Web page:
Anne van Kesteren

Power of CSS3 selectors

In styling different sections different I tried to found a method for styling different pages with a single style sheet different, while still give the user the advantage of making a specific style sheet for your page (I had to read this sentence another time as well :)).

I found a solution for that problem, but for users who use IE it is getting more difficult (but who uses IE and has costum style sheets :)). The value for the id attribute is always: domain-extension. If everyone does it that way, there shouldn't be any problems. I you have four section on your site, like: "contact", "about", "home" and "weblog" you could make this id value: domain-extension-section. To style such a page you only have to use a descendent combinator:

html#annevankesteren-nl-contact h1{

Not really difficult is it? If you have something that should specified sitewide you just leave out the id selector. Now, let's look from the user's point of view. How can he style your page, sitewide? Quite easy actually. He or she should use a CSS3 attribute selector, like this:

[id*=annevankesteren-nl] h1{
 color:#000 !important;

This selects any id attribute (which is unique) on a page which contains that value, like annevankesteren-nl-about. In IE you would have to know any single id attribute and apply the rule to any of them, which is not what you want :).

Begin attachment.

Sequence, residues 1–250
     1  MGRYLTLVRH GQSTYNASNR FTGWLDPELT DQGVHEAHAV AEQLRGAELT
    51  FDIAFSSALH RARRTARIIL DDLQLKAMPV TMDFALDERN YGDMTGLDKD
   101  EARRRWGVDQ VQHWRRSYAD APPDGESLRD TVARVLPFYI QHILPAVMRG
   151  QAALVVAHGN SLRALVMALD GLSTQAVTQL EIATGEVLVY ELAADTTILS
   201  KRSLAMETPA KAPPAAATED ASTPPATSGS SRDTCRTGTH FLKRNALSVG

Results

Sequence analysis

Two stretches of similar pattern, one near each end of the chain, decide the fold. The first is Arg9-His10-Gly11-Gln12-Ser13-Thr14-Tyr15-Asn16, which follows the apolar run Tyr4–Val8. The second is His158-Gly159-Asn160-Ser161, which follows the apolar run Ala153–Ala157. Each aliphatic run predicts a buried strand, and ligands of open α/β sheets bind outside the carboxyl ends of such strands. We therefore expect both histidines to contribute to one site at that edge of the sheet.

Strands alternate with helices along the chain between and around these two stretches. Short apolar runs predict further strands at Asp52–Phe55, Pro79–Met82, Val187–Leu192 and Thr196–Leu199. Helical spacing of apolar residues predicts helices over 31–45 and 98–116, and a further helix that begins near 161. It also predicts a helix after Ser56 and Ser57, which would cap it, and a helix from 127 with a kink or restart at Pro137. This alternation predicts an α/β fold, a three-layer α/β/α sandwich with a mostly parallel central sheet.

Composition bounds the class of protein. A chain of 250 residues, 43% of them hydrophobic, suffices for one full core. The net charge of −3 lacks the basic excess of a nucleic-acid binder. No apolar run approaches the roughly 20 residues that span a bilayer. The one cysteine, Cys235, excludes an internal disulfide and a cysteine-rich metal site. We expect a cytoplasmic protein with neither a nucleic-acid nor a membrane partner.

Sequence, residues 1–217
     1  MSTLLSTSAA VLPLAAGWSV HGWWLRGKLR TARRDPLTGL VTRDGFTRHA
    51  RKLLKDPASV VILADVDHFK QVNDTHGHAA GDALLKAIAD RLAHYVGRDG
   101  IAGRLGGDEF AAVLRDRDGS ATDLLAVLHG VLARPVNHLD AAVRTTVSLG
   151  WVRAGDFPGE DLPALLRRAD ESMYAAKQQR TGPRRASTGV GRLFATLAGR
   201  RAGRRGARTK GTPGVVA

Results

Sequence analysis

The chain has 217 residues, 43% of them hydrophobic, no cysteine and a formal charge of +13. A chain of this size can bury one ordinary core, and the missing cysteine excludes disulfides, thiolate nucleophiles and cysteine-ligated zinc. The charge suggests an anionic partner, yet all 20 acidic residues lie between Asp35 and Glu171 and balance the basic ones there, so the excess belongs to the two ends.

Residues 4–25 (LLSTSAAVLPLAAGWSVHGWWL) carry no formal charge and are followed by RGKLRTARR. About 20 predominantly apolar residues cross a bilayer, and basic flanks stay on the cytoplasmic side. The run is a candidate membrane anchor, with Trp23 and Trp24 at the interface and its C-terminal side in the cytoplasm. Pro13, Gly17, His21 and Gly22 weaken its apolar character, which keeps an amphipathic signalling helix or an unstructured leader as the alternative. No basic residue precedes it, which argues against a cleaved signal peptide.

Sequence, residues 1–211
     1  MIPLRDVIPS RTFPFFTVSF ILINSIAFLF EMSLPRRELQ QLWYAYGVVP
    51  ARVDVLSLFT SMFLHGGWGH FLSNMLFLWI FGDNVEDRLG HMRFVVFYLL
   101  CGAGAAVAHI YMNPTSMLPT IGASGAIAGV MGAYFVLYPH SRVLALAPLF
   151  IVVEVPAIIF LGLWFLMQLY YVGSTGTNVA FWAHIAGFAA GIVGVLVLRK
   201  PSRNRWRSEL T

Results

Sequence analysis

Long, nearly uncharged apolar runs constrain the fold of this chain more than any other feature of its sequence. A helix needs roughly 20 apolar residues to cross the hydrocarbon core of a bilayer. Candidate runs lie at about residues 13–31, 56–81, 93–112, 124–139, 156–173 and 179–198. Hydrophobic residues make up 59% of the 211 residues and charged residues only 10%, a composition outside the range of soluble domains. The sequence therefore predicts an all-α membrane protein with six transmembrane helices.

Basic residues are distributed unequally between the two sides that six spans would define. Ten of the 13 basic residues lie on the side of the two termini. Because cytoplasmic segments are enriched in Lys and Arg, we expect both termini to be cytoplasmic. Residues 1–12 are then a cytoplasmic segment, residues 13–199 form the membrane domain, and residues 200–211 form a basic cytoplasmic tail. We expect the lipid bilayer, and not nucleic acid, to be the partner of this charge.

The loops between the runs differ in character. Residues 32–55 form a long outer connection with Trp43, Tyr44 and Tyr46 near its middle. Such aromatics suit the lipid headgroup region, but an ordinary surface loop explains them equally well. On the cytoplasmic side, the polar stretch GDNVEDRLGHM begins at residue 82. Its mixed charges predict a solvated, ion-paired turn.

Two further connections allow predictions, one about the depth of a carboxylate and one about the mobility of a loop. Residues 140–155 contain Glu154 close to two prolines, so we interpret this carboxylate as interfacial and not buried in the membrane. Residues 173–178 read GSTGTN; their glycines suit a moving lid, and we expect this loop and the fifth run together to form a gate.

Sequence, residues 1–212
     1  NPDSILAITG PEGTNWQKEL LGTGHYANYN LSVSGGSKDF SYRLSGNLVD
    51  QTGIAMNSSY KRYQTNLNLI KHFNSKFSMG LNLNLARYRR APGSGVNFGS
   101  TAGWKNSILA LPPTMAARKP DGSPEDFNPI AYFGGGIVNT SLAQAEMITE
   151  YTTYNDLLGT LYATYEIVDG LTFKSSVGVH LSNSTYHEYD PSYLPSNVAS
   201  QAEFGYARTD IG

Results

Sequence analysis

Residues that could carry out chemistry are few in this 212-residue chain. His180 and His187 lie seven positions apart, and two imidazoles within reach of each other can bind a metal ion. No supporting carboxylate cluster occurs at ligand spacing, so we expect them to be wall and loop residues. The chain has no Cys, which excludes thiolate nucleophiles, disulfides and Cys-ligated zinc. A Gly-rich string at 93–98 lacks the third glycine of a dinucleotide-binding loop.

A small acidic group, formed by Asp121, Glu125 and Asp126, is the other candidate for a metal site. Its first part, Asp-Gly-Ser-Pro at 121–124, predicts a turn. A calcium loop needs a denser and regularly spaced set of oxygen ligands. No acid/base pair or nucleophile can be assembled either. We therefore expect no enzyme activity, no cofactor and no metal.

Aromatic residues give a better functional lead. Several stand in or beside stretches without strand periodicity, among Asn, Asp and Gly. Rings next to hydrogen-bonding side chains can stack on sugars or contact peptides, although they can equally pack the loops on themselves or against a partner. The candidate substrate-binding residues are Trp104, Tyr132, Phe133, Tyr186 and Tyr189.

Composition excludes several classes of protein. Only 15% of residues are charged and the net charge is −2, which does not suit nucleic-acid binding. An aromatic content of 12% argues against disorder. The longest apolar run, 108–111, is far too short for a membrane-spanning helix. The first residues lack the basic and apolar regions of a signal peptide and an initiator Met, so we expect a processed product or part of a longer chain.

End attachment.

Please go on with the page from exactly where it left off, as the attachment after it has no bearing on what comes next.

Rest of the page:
In future sites I'm going to use this method, but I think it is still not good for the end user. He can do this, but there must be specified an id attribute. He also has to use a descendent combinator for everything. That is a bad thing IMO, 'cause that will increase the file size with lots of kb's. That's why there should be made/created an at-rule for such things, like @address.


  1. This seems to me to be an accessibility matter. So you could try running it by the Accessify forum to see what people think:

    They're pretty clued up on access over there. For example, there are people who have specific experience of working with students who use user-defined stylesheets to overcome specific access problems

    Posted by Michael at

  2. Thanks for the tip, I opened a thread. General conclusion: "users don't use user style sheets" :).

    Posted by Anne at